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Tonight: Britain’s Trillion Pound Horror Story

Film maker Martin Durkin explains the full extent of the financial mess we are inBritain’s Trillion Pound Horror Story will be transmitted on Channel 4, tonight Thursday, 11 Nov at 9pm:

Film maker Martin Durkin explains the full extent of the financial mess we are in: an estimated £4.8 trillion of national debt and counting. It’s so big that even if every home in the UK was sold it wouldn’t raise enough cash to pay it off.

Durkin argues that to put Britain back on track we need to radically rethink the role of the state, stop politicians spending money in our name and introduce, among other measures, flat taxes to make Britain’s economy boom again.

This is a polemical film presented by Martin Durkin. The film brings economic theory to life and makes it hit home. It includes interviews with academics, economic experts, entrepreneurs and four ex-Chancellors of the Exchequer.

A number of members of the team gave interviews and we look forward to seeing the final result.

5 comments to Tonight: Britain’s Trillion Pound Horror Story

  • Mike Seguss

    Steven

    Thank you for the tip: I shall certainly watch.

    Durkin has an element of adherence to marxist tenets in his past, so if he really has concluded that the remedies to our present predicament lie in a dramatically diminished role for the state and flat taxes, that is potentially very significant.

    Given, though, the odium heaped on him after making “The Great Global Warming Swindle”, an earlier challenge to a then prevailing consensus, I suspect that he will attract equal criticism for this latest effort – and from much the same ideological sources.

  • Eva Smagacz

    Just finished watching the first part, and was suitably impressed by simplicity of delivery of some basic economic truth.

    Unfortunately, I am now watching a sales patter for privatisation of health care and education. So the country that has delivered cheapest outcomes for greatest amount of people in terms of healthcare, should go for more expensive option of what is, by definition, non manufacturing, non income generating service industry?

    Obviously, some private corporations, probably American, will make money of sick British people, delivering healthcare to those with deep pockets in gleaming surroundings.

    Why are we being sold privatisation dogma in the middle of this scare story? Is this what this whole unprecedented 1.5 hours program is all about?

    And this gleaming Hong Kong is also home to urban poor who live in poverty unheard of in Britain. Guess us poor are not quiet human enough to include in the story.

  • Michael Jays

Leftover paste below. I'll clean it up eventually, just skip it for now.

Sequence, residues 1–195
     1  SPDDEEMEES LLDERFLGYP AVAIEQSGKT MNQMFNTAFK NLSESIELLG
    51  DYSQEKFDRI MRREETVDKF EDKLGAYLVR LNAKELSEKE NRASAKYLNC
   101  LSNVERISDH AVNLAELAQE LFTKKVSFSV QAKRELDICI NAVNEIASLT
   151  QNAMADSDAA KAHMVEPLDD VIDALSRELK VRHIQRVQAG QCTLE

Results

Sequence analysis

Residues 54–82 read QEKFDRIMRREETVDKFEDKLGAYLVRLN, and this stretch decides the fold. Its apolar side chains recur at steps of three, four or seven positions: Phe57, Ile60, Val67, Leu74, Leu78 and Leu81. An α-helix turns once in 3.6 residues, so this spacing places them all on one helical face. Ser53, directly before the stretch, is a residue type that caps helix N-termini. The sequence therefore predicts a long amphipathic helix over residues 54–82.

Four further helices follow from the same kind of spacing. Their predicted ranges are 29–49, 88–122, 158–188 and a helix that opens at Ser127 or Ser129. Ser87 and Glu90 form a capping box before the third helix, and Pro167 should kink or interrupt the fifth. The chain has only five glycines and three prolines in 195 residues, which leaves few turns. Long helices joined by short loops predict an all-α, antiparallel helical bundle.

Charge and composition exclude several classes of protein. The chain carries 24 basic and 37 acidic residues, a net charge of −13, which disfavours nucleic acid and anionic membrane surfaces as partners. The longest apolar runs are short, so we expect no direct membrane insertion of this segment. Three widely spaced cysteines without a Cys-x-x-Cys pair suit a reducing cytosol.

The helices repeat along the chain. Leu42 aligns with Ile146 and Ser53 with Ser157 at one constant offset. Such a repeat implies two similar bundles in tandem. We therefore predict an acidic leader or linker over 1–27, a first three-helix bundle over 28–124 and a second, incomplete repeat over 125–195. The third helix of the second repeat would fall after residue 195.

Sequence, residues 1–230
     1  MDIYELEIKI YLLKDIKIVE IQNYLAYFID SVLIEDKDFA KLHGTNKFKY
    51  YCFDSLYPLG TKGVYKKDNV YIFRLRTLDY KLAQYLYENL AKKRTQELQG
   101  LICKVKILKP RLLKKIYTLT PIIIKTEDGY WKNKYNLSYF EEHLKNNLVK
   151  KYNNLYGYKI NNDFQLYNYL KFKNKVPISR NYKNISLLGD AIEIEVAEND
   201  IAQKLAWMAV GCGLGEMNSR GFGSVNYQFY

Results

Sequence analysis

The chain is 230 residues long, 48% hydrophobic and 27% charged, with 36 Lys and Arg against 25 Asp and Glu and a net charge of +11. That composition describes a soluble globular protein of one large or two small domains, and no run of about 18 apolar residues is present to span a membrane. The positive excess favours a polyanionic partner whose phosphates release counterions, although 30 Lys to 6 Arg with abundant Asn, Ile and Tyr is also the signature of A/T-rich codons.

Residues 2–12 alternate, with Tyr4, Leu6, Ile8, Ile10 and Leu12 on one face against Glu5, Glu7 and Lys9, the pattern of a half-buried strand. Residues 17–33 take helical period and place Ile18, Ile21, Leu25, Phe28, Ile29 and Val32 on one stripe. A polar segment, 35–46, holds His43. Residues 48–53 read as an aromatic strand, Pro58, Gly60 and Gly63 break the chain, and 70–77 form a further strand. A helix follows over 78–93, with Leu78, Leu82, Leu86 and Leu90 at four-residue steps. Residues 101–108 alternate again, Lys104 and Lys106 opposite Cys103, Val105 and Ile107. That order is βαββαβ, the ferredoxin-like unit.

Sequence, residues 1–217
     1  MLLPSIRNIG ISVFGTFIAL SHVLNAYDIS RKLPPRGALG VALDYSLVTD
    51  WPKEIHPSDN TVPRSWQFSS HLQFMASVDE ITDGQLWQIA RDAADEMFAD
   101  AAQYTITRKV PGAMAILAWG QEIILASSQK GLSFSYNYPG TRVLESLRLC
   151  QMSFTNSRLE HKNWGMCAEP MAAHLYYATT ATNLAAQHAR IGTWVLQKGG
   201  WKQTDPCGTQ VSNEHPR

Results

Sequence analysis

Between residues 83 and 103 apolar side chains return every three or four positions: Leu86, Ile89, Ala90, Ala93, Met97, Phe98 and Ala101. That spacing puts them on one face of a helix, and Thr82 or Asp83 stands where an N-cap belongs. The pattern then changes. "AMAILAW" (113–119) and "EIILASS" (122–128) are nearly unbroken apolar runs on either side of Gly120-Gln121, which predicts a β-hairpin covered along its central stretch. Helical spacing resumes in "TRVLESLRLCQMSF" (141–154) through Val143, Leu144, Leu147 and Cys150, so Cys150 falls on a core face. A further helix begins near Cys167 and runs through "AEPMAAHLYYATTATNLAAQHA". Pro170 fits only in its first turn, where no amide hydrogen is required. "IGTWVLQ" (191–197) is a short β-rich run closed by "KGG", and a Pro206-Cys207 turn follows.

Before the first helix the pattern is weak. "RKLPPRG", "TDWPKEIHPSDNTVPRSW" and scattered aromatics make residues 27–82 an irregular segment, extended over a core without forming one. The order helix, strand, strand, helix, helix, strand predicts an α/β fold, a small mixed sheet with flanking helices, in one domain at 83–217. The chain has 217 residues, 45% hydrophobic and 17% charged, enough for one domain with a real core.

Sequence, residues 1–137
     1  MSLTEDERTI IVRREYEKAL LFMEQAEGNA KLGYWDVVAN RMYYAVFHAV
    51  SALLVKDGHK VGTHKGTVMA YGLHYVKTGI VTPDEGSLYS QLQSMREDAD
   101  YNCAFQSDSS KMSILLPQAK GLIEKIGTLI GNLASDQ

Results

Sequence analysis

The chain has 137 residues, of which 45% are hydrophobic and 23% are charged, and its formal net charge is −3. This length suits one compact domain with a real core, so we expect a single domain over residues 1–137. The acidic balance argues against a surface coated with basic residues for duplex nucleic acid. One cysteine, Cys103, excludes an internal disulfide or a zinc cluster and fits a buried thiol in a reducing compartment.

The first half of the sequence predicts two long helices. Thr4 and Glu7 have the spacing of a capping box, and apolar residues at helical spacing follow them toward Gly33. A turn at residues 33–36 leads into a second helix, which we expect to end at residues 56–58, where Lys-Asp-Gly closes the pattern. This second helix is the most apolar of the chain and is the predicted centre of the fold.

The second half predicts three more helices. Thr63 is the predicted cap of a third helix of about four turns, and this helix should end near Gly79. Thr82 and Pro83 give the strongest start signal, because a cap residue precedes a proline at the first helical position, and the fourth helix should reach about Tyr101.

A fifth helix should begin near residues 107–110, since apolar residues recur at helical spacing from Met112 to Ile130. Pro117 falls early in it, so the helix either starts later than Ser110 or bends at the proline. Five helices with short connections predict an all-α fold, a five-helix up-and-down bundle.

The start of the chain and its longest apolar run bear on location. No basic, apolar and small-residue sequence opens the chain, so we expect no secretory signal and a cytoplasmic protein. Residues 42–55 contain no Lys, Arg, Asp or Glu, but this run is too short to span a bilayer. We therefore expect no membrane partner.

Can someone give me the correct spelling of John Camputhwaite? i have googled without success.

  • I haven’t had a chance to watch this yet but I am popping over to the channel 4 website right now to watch it on line. Family members have said it is a mist watch.

  • Richard Garner

    Eva,

    Yes, of course that was what the program was about. The program abley and clearly demonstrated that we are burdened with a public sector we cannot possibly afford. That plainly entails that the only solution is that government does much, much less than it presently does; that we have a lot less of a public sector. Now, either that means that much of what the public sector now does does not get done at all, or it means that it is done privately, through free enterprise or voluntary co-operation between people in their communities. What did you think the solution to a far too large public sector was? Just as much public sector?!

    I’m also not sure where you get your claim that the NHS “has delivered cheapest outcomes for greatest amount of people in terms of healthcare” and that privatisation entails going “for more expensive option of what is, by definition, non manufacturing, non income generating service industry”. First off, why would a private health care system be non-income generating?

    Beyond this, it is true that the NHS is cheaper in terms of spending as a proportion of GDP than France or Germany (8.2% as opposed to 11.2% and 10.7% in Germany, in 2005), but price is not everything. The WHO ranked France’s healthcare system as number one in the world, and Britain’s as the 18th (higher than Germany’s though!). The NHS ranks worse than both France and Germany in terms of preventable deaths, with France having 65 preventable deaths per 100,000 population in 2002-3, Germany having 90, and the UK having 103. Healthy life expectancy is better in France than the UK, at 73 years compared to 71.7.

    However, I would have prefered the program to look at Singapore’s healthcare system as an alternative to that of the UK. Eva, I suggest you look there if you want to make judgements about value for money. The WHO ranked it (in 2000) as the sixth best healthcare system, far above the NHS. And they get this outcome from a system that costs only 3.5% of GDP as opposed to the UK’s 8.2%!

    The WHO’s overall health performance ranking places Singapore at 14 on level of health, with the UK at 24 and France at 4. Life expectancy in Singapore is 80.

    But here is the shock for you: Whilst Singapore’s system costs only 3.5% of GDP, 66% of that funding comes from private sources, which is substantially more than the typically cited model of the US (about 52% of US healthcare funding is private). Singapore has far more private funding of healthcare, costs less and achieves as good, if not then better results than the NHS.

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